Fred Wilson argues that current trends will likely continue and Android will emerge as the dominant operating system for mobile devices, outpacing Apple’s iOS:
Obviously straight-line trend projection is a mug’s game, but the basic logic seems compelling. But of course this is a reminder that competition in the mobile marketplace is multifaceted. On the one hand Apple makes an operating system that competes with Google’s operating system. On the other hand Apple makes phones that compete with phones from Motorola, HTC, Nokia, etc. If a whole bunch of different device-manufacturers all use Android, they may all end up with thin profit-margins and giant combined sales totals, even while Apple earns high margins and relatively modest sales.
The question I suppose is who winds up as the Microsoft in this scenario. In the PC business, Apple the computer-maker ultimately ended up pretty successful compared to other computer-makers, but Apple the OS-maker was a failure compared to Microsoft the OS-maker. So in mobile does Google play the role of Microsoft? Maybe, but Microsoft wasn’t (and isn’t) giving Windows away for free.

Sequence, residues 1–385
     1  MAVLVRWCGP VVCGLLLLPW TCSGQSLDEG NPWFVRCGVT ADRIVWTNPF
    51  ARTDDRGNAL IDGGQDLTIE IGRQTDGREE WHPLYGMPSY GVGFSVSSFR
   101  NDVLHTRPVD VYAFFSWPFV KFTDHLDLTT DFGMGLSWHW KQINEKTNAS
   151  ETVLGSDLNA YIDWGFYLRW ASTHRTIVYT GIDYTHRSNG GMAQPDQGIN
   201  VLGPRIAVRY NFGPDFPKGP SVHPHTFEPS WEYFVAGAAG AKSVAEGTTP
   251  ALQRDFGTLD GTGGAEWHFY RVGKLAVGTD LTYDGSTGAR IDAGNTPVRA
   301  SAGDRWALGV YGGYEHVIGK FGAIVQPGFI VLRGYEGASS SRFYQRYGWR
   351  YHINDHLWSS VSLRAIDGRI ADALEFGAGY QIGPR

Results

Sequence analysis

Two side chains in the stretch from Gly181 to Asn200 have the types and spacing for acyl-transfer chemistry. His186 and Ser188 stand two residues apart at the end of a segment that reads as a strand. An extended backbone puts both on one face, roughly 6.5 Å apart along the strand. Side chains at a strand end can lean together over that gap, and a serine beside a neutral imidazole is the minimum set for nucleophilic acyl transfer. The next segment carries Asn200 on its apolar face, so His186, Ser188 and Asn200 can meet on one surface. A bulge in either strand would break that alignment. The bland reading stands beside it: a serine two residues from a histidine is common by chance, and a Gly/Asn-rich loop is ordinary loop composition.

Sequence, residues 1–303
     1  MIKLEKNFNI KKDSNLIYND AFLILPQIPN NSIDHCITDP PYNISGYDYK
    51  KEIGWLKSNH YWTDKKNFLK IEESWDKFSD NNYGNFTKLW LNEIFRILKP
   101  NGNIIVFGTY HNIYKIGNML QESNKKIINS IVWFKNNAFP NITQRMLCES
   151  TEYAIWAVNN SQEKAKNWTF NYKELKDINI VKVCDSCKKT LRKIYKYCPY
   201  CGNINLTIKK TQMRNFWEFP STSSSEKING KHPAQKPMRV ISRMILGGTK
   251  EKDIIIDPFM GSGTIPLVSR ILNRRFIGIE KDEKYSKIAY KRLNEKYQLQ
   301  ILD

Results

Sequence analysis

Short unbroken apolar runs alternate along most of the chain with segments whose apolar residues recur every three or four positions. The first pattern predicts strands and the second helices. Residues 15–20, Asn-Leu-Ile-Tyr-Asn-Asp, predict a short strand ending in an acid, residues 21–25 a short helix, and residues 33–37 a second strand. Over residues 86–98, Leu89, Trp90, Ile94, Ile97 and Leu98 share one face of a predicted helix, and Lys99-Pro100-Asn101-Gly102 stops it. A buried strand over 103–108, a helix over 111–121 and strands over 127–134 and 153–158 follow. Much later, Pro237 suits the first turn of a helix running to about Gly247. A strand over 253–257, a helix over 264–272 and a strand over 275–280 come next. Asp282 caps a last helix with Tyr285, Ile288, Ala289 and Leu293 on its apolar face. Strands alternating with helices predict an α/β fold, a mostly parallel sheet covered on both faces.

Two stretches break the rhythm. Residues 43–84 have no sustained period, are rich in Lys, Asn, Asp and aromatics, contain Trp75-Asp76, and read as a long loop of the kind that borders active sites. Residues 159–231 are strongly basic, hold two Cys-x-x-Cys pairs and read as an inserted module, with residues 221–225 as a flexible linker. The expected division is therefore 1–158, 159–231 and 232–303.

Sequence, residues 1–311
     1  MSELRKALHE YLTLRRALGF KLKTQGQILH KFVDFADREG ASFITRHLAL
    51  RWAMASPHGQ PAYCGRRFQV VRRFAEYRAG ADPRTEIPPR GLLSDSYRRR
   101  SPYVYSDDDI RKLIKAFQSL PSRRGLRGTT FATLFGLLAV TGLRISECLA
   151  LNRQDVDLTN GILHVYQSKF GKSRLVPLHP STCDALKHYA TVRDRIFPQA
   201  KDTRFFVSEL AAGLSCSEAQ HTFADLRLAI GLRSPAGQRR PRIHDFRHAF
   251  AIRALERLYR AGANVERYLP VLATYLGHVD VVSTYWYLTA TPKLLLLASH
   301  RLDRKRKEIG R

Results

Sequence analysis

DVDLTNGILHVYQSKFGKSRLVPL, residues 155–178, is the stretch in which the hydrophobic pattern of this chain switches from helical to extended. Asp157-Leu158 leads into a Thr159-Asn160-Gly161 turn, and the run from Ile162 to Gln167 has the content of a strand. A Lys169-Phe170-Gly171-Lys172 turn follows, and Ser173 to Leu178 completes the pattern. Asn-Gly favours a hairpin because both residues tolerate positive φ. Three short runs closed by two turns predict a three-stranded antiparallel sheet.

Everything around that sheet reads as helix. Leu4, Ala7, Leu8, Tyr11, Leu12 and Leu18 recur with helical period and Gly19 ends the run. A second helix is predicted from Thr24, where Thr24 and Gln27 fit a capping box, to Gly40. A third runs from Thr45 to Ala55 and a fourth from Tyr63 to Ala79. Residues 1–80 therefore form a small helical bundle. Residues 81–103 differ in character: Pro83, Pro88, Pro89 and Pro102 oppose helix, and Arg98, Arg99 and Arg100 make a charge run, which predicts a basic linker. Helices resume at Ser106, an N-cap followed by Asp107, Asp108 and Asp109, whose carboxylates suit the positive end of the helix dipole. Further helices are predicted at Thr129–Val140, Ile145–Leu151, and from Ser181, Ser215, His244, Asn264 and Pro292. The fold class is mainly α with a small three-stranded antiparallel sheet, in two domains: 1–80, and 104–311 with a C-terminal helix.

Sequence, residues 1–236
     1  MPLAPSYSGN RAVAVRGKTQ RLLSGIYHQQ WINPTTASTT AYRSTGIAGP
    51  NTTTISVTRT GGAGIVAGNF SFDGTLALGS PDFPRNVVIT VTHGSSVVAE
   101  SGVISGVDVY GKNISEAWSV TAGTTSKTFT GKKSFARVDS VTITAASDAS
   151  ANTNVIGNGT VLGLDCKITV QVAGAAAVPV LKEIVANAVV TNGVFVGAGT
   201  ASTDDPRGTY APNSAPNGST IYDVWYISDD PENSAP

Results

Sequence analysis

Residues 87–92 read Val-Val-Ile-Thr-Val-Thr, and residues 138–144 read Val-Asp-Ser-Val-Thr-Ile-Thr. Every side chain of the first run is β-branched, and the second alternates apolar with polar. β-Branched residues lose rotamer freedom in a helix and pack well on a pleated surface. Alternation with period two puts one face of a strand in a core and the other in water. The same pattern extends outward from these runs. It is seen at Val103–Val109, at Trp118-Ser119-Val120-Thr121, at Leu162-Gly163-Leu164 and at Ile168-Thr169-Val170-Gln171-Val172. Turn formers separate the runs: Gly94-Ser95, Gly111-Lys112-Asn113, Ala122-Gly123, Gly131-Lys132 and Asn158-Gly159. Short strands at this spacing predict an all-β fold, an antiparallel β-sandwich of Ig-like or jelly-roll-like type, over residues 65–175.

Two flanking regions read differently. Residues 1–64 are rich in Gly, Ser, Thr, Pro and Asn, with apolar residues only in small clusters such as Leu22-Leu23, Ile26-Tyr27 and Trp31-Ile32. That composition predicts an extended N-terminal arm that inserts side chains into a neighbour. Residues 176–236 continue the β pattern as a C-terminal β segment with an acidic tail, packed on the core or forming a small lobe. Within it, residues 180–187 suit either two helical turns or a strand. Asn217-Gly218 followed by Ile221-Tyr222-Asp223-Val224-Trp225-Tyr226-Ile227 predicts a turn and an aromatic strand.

Instead it seems to me that in mobile devices the people who end up extracting the bulk of the monopoly rents will be the people who own the broadband spectrum — Verizon, AT&T;, TMobile, Sprint, etc. — since that’s the limited commodity. Which is a roundabout way of getting to the reminder that regulating this sector in an appropriate way is a key task of 21st century policymaking. There’s competition among wireless service providers, but it’s an inherently limited form of competition because it’s extremely difficult to have new entrants.